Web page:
June 23, 2014
Last week I discussed the EPA new emissions rules and how NADCA is playing a role representing the die cast industry along with other industries in the United States. NADCA has engaged the Franklin Group as the voice of die casting in Washington, DC and have developed this summary paper of what is happening with these new EPA rules and how it will affect us in the manufacturing industry in the United States.
We are not opposed to improving air quality but we want the EPA to do so with science in mind and not impose arbitrary limits that will come with increased costs of electric production for both the industry and the consumer in America.
Remember, China is a huge polluter of the global air and they have no limits on their electric producers at this time.
Costs and Impact of Emissions Regulations
As is always the case in Washington, all sides for and against a proposal have their own studies determining what impact the rules will have on jobs, business, the environment, and public health. As the existing facilities proposed rule is only a few weeks old, many have not updated their previous analysis.
Few question that the proposed regulation will increase energy costs in the U.S. The EPA’s own analysis expects a 6.2% increase, while others supported by industry range much higher. An analysis from the National Economic Research Associates (NERA) estimated that a Natural Resources Defense Council proposal, which most had expected the EPA to closely follow, “could cost 2.85 million jobs and consumers $13 billion to $17 billion per year in higher electricity and natural gas prices.” However, critics of the NERA analysis say it used a 40% reduction target, not the 30% proposed by EPA, and included the costs of implementing CCS technologies on existing plants, which the rule does not require.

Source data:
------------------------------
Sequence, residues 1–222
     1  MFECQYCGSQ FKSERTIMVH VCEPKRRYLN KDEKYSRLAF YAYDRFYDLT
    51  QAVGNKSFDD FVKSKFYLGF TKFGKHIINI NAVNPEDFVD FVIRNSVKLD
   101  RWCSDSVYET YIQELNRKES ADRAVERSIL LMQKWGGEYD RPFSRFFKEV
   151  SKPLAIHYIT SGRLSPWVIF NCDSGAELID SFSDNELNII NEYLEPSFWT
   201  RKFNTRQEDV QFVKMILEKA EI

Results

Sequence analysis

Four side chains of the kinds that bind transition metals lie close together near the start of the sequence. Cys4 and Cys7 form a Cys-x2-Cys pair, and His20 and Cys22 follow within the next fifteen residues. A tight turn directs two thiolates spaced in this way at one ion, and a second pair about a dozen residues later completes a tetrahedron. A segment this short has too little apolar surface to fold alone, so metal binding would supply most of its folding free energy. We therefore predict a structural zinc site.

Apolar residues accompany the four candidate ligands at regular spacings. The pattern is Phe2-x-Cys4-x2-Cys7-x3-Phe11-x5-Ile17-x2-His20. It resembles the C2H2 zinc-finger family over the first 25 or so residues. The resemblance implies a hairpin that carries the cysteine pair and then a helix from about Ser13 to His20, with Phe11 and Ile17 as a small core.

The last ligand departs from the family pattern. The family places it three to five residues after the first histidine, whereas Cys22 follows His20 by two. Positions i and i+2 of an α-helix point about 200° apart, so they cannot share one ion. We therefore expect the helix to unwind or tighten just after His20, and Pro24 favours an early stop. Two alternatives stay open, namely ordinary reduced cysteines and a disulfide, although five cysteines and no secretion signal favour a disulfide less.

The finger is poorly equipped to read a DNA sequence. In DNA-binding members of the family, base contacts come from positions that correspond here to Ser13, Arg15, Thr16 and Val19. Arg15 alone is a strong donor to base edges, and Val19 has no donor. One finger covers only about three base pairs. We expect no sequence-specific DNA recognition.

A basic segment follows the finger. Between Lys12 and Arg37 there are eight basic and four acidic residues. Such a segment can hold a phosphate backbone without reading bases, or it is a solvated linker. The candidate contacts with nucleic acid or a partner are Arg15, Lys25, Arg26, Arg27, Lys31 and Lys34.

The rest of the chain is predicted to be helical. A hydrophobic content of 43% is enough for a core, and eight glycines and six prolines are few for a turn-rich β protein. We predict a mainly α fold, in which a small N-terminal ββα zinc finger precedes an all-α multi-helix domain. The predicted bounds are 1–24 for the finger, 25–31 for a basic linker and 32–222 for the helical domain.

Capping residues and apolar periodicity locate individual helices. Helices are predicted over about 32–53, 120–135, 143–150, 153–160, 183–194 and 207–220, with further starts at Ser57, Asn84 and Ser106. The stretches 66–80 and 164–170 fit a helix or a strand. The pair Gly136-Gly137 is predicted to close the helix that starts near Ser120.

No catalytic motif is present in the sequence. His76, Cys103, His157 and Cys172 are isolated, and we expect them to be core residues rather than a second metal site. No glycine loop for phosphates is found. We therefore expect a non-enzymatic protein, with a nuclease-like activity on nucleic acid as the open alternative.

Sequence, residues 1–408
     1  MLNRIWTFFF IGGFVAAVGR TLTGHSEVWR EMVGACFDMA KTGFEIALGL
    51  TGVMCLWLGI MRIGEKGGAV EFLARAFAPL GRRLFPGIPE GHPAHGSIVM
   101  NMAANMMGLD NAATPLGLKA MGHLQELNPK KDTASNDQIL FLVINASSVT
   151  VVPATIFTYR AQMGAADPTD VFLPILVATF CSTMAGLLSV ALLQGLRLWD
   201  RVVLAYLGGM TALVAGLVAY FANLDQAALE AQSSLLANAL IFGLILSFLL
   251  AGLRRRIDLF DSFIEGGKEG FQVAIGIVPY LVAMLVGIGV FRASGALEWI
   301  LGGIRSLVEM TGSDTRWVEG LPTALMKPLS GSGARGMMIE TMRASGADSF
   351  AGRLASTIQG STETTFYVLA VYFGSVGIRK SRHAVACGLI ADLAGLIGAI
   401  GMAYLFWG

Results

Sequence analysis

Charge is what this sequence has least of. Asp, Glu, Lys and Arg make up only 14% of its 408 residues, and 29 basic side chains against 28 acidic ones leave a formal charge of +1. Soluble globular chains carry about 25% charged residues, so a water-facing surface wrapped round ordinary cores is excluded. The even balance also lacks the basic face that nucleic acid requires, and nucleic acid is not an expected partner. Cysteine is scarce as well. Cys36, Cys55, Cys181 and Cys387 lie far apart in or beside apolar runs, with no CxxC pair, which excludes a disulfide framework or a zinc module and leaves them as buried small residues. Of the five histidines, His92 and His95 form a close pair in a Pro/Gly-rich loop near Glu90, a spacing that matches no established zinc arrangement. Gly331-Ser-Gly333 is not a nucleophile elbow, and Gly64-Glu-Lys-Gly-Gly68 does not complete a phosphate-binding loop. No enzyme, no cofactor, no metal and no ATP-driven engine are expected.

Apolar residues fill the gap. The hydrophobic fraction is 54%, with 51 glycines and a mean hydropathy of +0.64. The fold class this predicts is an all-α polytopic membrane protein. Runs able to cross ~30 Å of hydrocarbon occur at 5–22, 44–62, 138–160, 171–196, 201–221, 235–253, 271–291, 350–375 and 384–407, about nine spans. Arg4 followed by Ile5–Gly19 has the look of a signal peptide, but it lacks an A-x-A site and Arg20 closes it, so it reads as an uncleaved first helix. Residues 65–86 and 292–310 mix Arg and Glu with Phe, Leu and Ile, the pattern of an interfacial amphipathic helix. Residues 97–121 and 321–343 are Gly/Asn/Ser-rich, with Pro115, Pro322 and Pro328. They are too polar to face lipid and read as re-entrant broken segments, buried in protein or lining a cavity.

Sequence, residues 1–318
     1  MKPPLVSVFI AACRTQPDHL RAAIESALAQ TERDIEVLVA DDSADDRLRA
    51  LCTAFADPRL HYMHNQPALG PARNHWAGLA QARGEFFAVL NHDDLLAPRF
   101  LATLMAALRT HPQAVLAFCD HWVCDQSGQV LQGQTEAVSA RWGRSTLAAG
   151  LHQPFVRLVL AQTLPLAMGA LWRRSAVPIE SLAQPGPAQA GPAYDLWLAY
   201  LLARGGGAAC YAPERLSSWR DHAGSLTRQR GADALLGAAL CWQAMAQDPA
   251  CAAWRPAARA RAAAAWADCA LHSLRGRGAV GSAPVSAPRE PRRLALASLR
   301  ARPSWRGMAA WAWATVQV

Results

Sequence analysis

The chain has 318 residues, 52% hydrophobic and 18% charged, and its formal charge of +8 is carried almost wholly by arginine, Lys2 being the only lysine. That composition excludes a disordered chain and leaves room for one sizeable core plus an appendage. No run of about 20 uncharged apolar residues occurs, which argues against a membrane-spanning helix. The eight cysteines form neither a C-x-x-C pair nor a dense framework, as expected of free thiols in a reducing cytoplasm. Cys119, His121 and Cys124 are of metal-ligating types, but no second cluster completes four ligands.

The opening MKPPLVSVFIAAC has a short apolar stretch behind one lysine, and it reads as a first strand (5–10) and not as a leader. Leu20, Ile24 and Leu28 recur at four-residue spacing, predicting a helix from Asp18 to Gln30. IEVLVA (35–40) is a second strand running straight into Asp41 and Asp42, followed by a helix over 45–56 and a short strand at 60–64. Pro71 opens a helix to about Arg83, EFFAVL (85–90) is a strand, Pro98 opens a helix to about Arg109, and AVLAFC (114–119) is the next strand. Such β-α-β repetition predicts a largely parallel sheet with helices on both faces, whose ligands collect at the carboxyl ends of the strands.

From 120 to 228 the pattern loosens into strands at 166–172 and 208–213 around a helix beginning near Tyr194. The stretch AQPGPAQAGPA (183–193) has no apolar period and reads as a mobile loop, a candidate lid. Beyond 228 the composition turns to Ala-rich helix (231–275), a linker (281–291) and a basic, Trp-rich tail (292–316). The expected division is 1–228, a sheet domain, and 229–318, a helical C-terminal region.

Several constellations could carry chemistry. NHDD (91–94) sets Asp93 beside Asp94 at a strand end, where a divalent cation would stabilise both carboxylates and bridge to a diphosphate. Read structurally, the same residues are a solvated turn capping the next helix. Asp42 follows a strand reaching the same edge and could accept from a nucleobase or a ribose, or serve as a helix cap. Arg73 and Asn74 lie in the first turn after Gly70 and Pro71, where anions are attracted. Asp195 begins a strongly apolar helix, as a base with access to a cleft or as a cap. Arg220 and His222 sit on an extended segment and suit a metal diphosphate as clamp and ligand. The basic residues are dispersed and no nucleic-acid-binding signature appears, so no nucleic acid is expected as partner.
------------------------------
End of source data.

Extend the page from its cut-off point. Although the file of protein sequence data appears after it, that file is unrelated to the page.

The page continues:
Assessing Cost Increases
The challenges with assessing the cost increases on an industry or individual are significant. There are several factors to consider, most importantly is one’s location. Some states face higher emissions reduction goals based on EPA’s formula. The goals are determined by dividing CO2 emissions from fossil fuel-fired power plants in pounds (lbs) by state electricity generation from fossil-fuel fired power plants and certain low- or zero-emitting power sources in megawatt hours (MWh). Accordingly, states with more fossil-fuel, mainly coal, fired plants, will face different reduction levels and cost increases than a state with a higher usage of renewable fuel power generation.
We do not endorse the validity of any analysis but provide these links to allow people to review various interpretations of the impact of the rules. As always, keep in mind that studies typically reflect the point of view of those who sponsor them and many groups conducted their analysis prior to the EPA releasing its proposed rule on June 2, 2014.
What the Public Can Do
The public has until September 30, 2014 to comment on the proposed regulation of emissions from existing power plants. Meanwhile, the EPA will resume its listening sessions that the agency began in 2013, with several slated to take place around the country in late July. Per the President’s 2013 Executive Memorandum, the EPA is likely to issue a final regulation of existing plants by June 1, 2015. States will have until June 1, 2016 to demonstrate to the federal government how they will achieve the goals; they may also ask for a one year extension (multiple states creating a regional plan may have a two year extension).
The EPA will hold four additional hearings where the public may testify on emissions regulations:
- July 29, 2014 Atlanta, Georgia 9:00 a.m. – 8:00 p.m. (EST)
- July 29, 2014 Denver, Colorado 9:00 a.m. – 8:00 p.m. (MDT)
- July 30, 2014 Washington, DC 9:00 a.m. – 8:00 p.m. (EST)
- July 31, 2014 Pittsburgh, Pennsylvania 9:00 a.m. – 8:00 p.m. (EST)
This may be a great opportunity for those of you who are active in Washington activities to go and make your voice heard.
Premier Die Casting Company has been in business 69 years and has been active in NADCA and its Government Affairs Committee in Washington DC affairs for nearly 40 years now.